As for Mays' lower walk totals, might this not have a little to do with who was following him in the lineup, at least in New York? As for the white ump/ black player theory, why doesn't someone just ask Mays? It may be true, but it is also true that many players (Williams; Frank Thomas) simply value walks more than other players, and also have a very strict standard as to what kind of pitch they should swing at. Mays may simply have been more of a free swinger than Mantle.

As for whether Mays or Mantle was considered the better overall player back then, I think if you look back you'd find the consensus on this shifted back and forth several times--Mays in 1954, Mantle in 1956, Mays in 1959, Mantle in 1961, Mays in 1965. Since then, I would say the statheads have pretty much clinched the argument that Mantle was better at his peak, but since that peak was so much shorter than Mays' (and Aaron's, who had the longest peak of them all), Mays' career value is rated higher. As James says. (It's like quoting the Bible, isn't it?)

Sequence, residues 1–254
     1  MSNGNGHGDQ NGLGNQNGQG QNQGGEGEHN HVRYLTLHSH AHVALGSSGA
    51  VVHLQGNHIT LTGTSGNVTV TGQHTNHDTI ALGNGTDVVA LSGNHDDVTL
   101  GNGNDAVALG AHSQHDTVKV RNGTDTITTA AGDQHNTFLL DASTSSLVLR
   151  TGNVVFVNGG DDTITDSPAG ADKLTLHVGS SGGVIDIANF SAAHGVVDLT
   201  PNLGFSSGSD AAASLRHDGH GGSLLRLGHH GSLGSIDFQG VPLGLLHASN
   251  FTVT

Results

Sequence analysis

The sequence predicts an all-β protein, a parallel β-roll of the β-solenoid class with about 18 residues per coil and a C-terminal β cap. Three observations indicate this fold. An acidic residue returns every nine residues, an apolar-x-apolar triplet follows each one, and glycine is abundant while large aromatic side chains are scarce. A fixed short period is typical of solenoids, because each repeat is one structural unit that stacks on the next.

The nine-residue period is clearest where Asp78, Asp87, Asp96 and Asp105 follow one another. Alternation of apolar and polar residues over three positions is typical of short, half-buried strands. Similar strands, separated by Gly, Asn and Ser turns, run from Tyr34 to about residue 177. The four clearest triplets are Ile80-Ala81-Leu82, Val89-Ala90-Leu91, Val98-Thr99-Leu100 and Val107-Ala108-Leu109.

8. Jolly Old St. Nick Is A Jolly Old St. Crip Posted: May 08, 2001 at 12:38 PM (#68189)
Dean, everything you write is true, but it's Apples v. Oranges. Nobody back then ever said Dimaggio (or Musial) was a better HITTER than T. Ballgame (who could?), only a better overall PLAYER. And they were right. The distinction seems to elude some people.

As for Mays' lower walk totals, might this not have a little to do with who was following him in the lineup, at least in New York? As for the white ump/ black player theory, why doesn't someone just ask Mays? It may be true, but it is also true that many players (Williams; Frank Thomas) simply value walks more than other players, and also have a very strict standard as to what kind of pitch they should swing at. Mays may simply have been more of a free swinger than Mantle.